In The River Wife (Random House, $24.95), Jonis Agee, a former College of St. Catherine professor and author of Sweet Eyes and Strange Angels, explores a charismatic, opportunistic Frenchman’s effect on four generations of women. That character, Jacques Ducharme, may be this summer’s most fully realized pirate. Agee’s latest saga is as curvaceous and full-of-life as the river that anchors the novel.
Several Minnesota authors have new novels that will engage middle-schoolers this summer. (Most kids will plow through the new Harry Potter novel in less than a week.) National Book Award—winner Pete Hautman of Golden Valley draws on the recent youth poker craze in All-in (Simon & Schuster, $15.99), a crack account of a 16-year-old gambler. (Full House, his anthology of true poker stories, will be published in September.) Hautman also collaborates with his partner Mary Logue on Skullduggery, their second Bloodwater mystery (Sleuth/Putnam, $16.99). Anne Ursu, formerly of Hopkins, continues her fantastic Cronus Chronicles with The Siren Song (Simon & Schuster, $16.99). Jane St. Anthony of Minneapolis follows her 2006 debut with another sweet summer story, Grace Above All (Farrar, Straus & Giroux, $16), featuring a 13-year-old whose “life is a job list.” Next month, look for Defect (Farrar, Straus & Giroux, $16) by Will Weaver of Bemidji.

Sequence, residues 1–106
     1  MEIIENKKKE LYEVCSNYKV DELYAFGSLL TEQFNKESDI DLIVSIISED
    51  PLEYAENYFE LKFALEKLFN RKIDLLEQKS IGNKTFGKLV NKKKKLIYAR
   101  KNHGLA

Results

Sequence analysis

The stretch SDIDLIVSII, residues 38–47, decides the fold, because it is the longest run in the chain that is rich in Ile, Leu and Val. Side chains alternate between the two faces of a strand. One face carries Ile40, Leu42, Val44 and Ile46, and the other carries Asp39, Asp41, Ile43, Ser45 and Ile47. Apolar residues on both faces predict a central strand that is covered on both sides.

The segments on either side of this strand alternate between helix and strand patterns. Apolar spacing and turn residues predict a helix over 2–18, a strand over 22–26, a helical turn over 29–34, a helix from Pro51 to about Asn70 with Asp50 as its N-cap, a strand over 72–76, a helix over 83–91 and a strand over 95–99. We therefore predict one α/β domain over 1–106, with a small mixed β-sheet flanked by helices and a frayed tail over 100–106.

Weaver at the Loom
I Was Searching and I Found
When he’s not studying English and philosophy at Bethel College, Dan Smith of Lakeville leads the adventurous studio group Weaver at the Loom. The band’s sweet piano intros and ringing guitars bring Coldplay and the Church to mind, but that’s just the start. Their debut contains five interlinked mini-epics about a quest for lasting truth and greater meaning. The compositions are full of surprising beauty, with relaxed tempos and concise, sensitive lyrics, creating a rare sensation of heightened calm. A giant first step on a fascinating journey.
Click here to listen to a music clip from Weaver at the Loom.
It took 15 years for Strange Friends to settle down and make a real CD. Last year’s funky breakout, Dave’s Not Here, delighted core fans of their fiddle-filled Americana music, but it didn’t pay the bills. So the group cut costs, recording a session in leader John Fenner’s backyard. Local soundman Chris Frymire of the Cedar Cultural Center produced the perfect, bittersweet ambiance for this dark collection of songs about lost loves and dead runaways. But as always, laughs creep in and warmth softens the blunt ballads. Not so strange after all.
Click here to access www.strangefriendsmusic.com and listen to music samples.